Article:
Photo via by Marissa Marivelli for HDC_NYC & Untapped Cities

Yesterday, FDNY officials announced that some of the several hundred Easter candles may have caused the massive fire at the Serbian Orthodox Cathedral of St. Sava (formerly Trinity Chapel) on 25th Street in Manhattan. On our end, we have been digging into the fate of a Nikola Tesla statue that sits in front of the church – prompted by a question from Untapped Cities reader Steven Romalewski, director of CUNY’s Mapping Service.

With help from Simeon Bankoff of the Historic Districts Council, we can confirm that the bust did survive the fire, as you can see from these post-fire photos, and it was there at least as of Tuesday night when a reader checked. Below is a photograph taken yesterday morning for us:
Zoomed in shot:

Nikola Tesla Bust-Orthodox Serbian Church of St Sava-Fire-Manhattan-NYC-5Photo via by Marissa Marivelli for HDC_NYC & Untapped Cities

The Nikola Tesla statue was dedicated on January 28th, 2007 by Tesla enthusiasts with links to Serbia, where Tesla was from. Serbian artist Marina Zivic sculpted the statue and had it cast in Belgrade, the capital of the country. It sits atop a 5 foot marble pedestal. As the Tesla Memorial Society writes, “The bust represents the first image of Tesla in Manhattan that can be viewed from a place accessible to the general public.”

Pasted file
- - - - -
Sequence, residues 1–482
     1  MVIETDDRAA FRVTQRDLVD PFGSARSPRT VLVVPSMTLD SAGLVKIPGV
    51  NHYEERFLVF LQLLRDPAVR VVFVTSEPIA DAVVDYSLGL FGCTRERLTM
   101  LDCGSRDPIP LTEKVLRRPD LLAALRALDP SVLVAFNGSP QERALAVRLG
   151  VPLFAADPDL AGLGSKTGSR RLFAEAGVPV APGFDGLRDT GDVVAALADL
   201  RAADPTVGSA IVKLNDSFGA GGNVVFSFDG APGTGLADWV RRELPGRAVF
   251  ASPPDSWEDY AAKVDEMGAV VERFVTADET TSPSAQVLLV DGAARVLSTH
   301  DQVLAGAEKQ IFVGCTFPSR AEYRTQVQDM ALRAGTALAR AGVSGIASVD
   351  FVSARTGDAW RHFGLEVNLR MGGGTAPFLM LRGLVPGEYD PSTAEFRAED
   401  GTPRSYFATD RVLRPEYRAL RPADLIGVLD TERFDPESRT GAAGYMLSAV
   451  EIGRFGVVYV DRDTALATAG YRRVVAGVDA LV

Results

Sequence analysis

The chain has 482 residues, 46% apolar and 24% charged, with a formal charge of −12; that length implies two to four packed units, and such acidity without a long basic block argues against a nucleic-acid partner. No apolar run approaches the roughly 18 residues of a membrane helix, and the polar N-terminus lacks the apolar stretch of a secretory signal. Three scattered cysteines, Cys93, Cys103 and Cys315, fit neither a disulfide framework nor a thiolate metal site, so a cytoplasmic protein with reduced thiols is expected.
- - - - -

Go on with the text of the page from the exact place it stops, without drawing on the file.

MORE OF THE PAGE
The Serbian Orthodox Cathedral of St. Sava was also where the 50th anniversary of Tesla’s death was commemorated in 1993. Tesla’s funeral took place in the Cathedral of St. John the Divine.

Atop an identical marble pedestal on the side of the cathedral is the bust of scientist Michael Pupin (for which Pupin Hall at Columbia University is named after and where research for the atomic bomb took place). We’re looking into whether this one survived.

Next, see what the inside of the Cathedral of St. Sava used to look like and  step inside the Nikola Tesla hotel room at the The New Yorker where he lived and died.